Are Older Artists Past Their Sell By Date?

No!  Older artists are not past their best.  Of course they aren’t!  Are you crazy?  In fact, they’ve never been better.

Thinking that older artists are no longer capable or relevant is a stupid idea, held by those who really haven’t thought about the matter too deeply and who are only too happy to accept and adhere to the orthodox stereotype.  Don’t be that intellectual zombie and dupe.

The whole world seems to believe in and worship youth.  That’s an implanted idea and you have been propagandised for a reason – it keeps things nice and cheap for those paying for creativity.  It also ensures that the jobs go to compliant artists who do what they’re told, because they are hungry, poor and trying to build their careers and reputation by any means necessary.  These are the dogs that are mostly likely to eat other dogs.  That keeps them distracted and docile.

Older artists have wisdom, decades of skill and the perspective that only comes from having seen it all before.  They generally take no nonsense from anybody (unless they have no choice and only then as a last resort).  The older the artist, the more they have a tendency to have independent minds and to offer forthright views.  They produce great, edgy, challenging work, not the faux shock-value, tantrum-driven works of younger artists trying to make a splash.  If you want something of lasting, monumental significance, ask an older artist.

Most of them have spent a lifetime perfecting their art and drawing on a diversity of influences that no younger artist could have possibly absorbed, let alone been exposed to, in their short lives to date.  They draw on a rich, fertile set of ideas and their works show the added ingredients and flavours gloriously.

Are they still relevant?  Because they can remember a time before neo-liberalism became the de-facto global religion, and because they lived through the battles that lead up to its dominance, they have world views that are simply unthinkable to people born later.  They know other worlds are possible.  They have lived in them.  Their experience of a better way is visceral, obtained through direct experience.

I think older artists need to assert their superiority.  Sure, the young guys might be in fashion, but fashion fades fast and they all too soon join the ranks of the middle aged and invisible artists, burning to make a meaningful contribution, but denied opportunities to do so.  Make those contributions anyway.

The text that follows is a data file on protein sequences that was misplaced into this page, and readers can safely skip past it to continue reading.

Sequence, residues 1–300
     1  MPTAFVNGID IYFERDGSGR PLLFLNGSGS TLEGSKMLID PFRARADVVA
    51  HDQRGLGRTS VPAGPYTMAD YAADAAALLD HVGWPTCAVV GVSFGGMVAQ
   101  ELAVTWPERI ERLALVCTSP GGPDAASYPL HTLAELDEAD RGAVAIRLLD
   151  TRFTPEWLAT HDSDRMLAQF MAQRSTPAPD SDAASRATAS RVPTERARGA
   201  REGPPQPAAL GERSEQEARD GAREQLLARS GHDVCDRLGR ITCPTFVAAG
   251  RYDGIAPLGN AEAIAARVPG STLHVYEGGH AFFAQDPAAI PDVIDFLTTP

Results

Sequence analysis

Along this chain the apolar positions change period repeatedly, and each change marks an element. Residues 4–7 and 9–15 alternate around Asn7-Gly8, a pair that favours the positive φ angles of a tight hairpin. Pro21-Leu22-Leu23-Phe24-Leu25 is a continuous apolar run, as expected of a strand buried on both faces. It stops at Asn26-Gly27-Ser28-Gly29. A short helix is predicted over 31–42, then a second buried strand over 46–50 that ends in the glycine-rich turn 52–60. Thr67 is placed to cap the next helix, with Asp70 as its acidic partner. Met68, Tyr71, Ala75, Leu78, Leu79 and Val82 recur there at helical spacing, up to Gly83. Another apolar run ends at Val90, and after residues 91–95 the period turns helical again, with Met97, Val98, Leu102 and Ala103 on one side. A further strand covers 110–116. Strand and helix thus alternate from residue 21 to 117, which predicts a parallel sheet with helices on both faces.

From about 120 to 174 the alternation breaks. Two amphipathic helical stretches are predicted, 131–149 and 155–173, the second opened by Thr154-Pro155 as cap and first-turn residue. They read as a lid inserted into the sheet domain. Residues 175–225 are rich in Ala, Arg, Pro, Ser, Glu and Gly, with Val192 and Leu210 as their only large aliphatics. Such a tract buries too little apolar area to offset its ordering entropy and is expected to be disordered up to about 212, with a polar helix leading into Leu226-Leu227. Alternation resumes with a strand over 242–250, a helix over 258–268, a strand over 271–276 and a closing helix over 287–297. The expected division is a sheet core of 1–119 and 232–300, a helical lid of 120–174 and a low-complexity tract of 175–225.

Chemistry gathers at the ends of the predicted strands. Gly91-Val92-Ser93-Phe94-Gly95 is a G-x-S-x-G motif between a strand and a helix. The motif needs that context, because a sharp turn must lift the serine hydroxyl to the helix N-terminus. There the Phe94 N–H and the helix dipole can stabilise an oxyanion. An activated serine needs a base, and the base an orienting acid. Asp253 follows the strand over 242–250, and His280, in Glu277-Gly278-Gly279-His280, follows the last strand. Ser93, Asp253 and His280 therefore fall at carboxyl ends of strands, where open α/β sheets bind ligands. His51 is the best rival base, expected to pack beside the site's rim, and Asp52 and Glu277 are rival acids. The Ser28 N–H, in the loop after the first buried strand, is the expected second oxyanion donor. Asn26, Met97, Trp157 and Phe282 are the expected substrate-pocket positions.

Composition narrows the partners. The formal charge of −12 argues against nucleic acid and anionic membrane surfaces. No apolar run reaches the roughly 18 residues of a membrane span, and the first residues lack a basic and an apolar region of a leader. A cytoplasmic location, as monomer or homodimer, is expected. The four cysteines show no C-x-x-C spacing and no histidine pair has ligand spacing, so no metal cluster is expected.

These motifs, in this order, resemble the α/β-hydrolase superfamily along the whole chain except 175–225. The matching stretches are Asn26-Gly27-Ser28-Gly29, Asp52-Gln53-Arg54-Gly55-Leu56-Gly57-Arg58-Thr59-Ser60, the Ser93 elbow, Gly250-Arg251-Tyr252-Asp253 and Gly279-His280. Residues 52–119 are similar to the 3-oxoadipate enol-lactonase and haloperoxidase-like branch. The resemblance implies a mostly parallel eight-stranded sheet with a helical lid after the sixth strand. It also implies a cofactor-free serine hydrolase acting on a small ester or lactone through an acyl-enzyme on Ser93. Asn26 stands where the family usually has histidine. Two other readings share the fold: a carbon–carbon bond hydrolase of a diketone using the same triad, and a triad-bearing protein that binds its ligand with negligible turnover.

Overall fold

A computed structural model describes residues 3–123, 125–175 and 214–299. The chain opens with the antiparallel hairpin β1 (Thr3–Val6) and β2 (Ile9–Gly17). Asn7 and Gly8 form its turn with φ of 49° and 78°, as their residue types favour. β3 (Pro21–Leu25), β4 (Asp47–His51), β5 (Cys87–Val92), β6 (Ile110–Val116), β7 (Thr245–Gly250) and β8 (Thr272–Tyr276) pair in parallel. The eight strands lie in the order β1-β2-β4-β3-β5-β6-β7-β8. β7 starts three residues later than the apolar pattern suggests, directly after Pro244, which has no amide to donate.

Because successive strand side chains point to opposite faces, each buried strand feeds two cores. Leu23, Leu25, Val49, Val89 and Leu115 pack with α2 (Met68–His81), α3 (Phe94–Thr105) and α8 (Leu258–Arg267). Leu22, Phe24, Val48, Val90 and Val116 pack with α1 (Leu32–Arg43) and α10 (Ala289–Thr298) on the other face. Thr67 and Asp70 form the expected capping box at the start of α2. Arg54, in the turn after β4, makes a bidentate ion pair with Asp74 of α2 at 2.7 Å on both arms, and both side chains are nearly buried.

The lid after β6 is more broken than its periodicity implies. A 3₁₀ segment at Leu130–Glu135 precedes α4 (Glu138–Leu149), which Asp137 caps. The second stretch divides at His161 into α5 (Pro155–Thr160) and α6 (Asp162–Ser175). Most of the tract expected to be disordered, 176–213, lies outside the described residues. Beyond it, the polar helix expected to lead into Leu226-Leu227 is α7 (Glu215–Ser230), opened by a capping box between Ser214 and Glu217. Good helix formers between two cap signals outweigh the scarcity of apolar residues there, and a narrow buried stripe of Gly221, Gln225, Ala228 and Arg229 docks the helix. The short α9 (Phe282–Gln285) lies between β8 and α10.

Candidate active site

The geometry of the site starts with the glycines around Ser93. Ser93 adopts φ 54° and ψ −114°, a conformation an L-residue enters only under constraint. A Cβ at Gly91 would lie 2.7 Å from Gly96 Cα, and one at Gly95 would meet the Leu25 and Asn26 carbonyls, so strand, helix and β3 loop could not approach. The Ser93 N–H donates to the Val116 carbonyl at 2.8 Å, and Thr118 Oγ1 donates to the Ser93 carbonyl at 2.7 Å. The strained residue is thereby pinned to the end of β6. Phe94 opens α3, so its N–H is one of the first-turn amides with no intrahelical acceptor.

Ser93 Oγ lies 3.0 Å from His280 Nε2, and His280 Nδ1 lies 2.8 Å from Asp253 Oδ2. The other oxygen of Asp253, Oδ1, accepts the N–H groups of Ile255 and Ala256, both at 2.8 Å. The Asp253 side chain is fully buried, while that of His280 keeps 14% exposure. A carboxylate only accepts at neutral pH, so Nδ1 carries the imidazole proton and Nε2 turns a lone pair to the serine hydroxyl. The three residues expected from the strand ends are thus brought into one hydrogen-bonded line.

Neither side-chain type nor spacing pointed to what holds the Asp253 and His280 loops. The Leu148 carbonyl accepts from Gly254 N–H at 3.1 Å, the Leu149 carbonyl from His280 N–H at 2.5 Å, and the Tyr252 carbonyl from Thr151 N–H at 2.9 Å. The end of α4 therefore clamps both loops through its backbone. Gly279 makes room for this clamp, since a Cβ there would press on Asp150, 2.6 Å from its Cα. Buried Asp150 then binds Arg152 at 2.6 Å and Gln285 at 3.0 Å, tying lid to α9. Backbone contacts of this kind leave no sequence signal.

To those passing up the opportunity to work with older artists, you are turning your back on sheer competence, in favour of people that are still faking it until they make it.  A younger artist might look cheaper, but they take longer.  Their ideas are drawn from a shallower pool of influences.  They are prone to follow each other in an ever decreasing circle of plagiarism, like the clueless leading the clueless.  Not all young artists are this deficient, of course, but neither are they all the new wave and next big things.  What seems to be fresh is often just repackaged retro.

The definition of a clichéd hipster is someone that failed to change as fast as the trends did, ensuring that they maintain conformity to an idea frozen in time.  They become has-beens much faster, in other words.  Older artists, on the other hand, have had to reinvent themselves several times throughout their careers and had to eventually eschew following trends for being who they authentically are, uniquely and standing for what they represent, despite the ebbs and flows of popularity.

Ageism is no more legitimate an idea than racism or sexism.  It has no place in a modern culture.  Support your older artists.  You’ll get great work in return.


About tropicaltheartist

You can find out more about me here: There aren’t many people that exist in that conjunction of art, design, science and engineering, but this is where I live. I am an artist, a musician, a designer, a creator, a scientist, a technologist, an innovator and an engineer and I have a genuine, deep passion for each field. Most importantly, I am able to see the connections and similarities between each field of intellectual endeavour and apply the lessons I learn in one discipline to my other disciplines. To me, they are all part of the same continuum of creativity. I write about what I know, through my blogs, in the hope that something I write will resonate with a reader and help them enjoy their own creative life more fully. I am, in summary, a highly creative individual, but with the ability to get things done efficiently. Not all of these skills are valued by the world at large, but I am who I am and this is me. The opinions stated here are my own and not necessarily the opinion or position of my employer.
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